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Smith's medical teams generally hold patients until they're stable. Sometimes they keep them longer, knowing that—for the gravely injured—chances of recovery drop outside Ibn Sina. When patients can no longer stay, they're collected by family or loaded into military ambulances and trucked to the gates of the Green Zone, the walled and guarded enclave that houses Iraq's government and the U.S. bureaucracy. At the gates, patients transfer to Iraqi ambulances. Sometimes the ambulances are merely old vans, the drivers not paramedics but repairmen or cabbies. Packed aboard, patients hurtle through Baghdad, hoping for safe passage.

The doctors, nurses, and medics don't follow patients as they are ferried to new hospitals. It's too dangerous. For the Americans, who rarely see Iraq beyond the walls of the Green Zone, it is as though their former patients had fallen into a dark void. Sometimes they hear stories, rumors, about what happens to the Iraqis, about the ambulance drivers who don't know enough to keep squeezing a patient's lung pump, or nurses who steal their patients' food. None of it can be confirmed, but it might as well be true. Anything is possible in the void.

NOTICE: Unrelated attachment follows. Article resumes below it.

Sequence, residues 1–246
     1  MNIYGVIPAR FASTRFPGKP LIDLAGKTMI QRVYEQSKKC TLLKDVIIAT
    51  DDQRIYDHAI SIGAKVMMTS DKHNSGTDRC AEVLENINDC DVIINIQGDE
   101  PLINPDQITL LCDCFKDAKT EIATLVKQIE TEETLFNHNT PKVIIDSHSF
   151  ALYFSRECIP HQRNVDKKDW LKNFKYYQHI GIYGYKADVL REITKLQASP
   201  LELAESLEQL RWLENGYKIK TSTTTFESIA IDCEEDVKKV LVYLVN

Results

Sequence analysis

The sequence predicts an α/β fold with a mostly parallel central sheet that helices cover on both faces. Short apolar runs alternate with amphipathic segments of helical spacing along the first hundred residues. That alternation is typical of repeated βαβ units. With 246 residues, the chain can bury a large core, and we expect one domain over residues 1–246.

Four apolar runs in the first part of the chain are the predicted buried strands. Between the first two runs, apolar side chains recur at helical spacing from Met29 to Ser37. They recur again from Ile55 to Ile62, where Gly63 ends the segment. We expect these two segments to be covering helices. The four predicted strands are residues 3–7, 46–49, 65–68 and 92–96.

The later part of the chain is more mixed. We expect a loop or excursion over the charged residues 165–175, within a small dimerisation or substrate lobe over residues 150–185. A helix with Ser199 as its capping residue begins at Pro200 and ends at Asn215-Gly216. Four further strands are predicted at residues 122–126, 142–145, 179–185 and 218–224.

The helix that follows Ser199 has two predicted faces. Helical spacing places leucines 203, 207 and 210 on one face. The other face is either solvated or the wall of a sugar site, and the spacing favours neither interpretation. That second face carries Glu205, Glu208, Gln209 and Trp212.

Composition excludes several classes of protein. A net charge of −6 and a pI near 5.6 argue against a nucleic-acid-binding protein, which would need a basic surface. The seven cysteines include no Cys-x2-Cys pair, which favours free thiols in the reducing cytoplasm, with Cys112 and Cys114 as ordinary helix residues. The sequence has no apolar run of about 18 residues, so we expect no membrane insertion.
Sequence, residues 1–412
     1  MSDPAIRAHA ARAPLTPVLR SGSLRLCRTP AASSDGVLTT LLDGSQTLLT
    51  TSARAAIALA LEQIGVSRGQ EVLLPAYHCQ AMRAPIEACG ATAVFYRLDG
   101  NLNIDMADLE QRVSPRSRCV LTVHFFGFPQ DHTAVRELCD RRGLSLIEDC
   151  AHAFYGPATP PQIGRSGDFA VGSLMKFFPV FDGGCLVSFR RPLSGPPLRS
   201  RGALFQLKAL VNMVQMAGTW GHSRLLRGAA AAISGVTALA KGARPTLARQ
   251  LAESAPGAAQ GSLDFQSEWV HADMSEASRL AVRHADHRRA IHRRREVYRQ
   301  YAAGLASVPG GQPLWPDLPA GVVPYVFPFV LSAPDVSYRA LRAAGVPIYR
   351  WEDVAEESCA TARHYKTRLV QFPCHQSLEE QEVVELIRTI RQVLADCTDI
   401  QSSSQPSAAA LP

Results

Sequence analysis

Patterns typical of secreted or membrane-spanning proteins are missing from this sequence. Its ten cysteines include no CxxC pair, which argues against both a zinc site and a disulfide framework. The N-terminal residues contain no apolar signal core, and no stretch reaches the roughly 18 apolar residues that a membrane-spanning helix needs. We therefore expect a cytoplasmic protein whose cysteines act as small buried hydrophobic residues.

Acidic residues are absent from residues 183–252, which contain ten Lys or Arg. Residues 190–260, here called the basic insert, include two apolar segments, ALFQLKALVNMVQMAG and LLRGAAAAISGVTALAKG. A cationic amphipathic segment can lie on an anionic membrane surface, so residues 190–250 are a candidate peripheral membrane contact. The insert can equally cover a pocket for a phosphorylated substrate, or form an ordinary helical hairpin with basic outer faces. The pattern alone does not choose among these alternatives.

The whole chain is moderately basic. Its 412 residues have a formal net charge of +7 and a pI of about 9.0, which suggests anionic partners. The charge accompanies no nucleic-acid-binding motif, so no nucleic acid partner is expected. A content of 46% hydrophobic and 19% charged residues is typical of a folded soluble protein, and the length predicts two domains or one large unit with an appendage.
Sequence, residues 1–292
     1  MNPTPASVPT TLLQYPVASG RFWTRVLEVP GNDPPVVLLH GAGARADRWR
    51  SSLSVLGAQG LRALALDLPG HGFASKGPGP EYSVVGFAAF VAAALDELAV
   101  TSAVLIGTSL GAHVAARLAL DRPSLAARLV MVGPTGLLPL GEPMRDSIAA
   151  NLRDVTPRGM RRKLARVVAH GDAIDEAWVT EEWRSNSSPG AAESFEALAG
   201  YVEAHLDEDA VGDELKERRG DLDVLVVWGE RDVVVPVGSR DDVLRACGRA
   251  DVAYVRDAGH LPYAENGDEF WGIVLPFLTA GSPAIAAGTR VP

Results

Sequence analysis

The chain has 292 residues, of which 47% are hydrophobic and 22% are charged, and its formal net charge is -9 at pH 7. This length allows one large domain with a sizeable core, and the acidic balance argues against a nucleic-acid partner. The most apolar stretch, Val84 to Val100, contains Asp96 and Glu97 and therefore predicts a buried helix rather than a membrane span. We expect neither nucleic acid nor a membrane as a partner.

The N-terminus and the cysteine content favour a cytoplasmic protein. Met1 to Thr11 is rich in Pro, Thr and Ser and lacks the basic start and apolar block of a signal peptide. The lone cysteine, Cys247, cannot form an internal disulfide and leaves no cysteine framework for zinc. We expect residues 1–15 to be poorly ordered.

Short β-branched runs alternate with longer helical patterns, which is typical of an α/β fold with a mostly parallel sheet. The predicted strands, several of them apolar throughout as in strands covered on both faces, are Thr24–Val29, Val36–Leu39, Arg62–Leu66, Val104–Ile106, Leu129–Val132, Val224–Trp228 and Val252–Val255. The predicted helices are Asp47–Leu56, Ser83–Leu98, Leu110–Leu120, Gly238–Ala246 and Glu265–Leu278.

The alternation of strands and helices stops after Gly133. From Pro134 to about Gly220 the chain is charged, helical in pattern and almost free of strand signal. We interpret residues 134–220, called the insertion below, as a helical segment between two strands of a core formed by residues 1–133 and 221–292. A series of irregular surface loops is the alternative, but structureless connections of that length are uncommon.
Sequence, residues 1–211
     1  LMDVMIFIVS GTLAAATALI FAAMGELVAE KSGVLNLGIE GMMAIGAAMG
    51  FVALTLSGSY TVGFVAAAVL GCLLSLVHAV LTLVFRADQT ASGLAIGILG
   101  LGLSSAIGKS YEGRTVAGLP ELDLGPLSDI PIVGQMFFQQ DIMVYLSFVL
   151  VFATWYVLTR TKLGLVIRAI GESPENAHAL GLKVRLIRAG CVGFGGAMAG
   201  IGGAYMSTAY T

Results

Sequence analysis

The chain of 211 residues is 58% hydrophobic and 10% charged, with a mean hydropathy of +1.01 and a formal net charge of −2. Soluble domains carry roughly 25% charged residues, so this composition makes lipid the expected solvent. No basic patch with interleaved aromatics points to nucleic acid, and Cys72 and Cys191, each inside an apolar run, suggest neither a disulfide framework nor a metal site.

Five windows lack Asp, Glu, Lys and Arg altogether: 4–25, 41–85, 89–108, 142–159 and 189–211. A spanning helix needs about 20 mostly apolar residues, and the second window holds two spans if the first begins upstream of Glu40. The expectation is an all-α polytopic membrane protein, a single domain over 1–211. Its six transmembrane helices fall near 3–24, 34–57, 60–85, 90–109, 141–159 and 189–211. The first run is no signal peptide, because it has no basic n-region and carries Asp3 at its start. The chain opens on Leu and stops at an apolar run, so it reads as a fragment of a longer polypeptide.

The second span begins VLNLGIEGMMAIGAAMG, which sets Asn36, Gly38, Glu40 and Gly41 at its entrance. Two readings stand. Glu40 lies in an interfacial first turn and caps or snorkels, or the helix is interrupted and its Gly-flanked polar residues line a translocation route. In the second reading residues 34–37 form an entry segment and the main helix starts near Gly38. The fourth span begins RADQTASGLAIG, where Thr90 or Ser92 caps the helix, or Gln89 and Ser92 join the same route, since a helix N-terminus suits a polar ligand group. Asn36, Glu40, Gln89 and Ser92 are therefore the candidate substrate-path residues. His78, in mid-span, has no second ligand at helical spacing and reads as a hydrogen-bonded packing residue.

In the Intensive Care Unit, the burned boy's father sits bedside, anxiously scanning the faces of the nurses. He speaks no English, has the pimpled face of a teenager. At a nearby bed, nurses haul an Iraqi man up on his side. A large hole, like an angry mouth, gapes behind his left shoulder. A piece of shrapnel about as big as half a credit card tore through him, leaving him a paraplegic.

The burned boy has lain here six days. Eventually he will be turned back into the care of his parents. The nurses in the ICU worry. Nearly all of them say the worst part of their job is treating injured children, and lately there have been many. The boy's odds of infection and other complications will jump when he leaves. And there is more: The nurses suspect the boy's parents abuse him.

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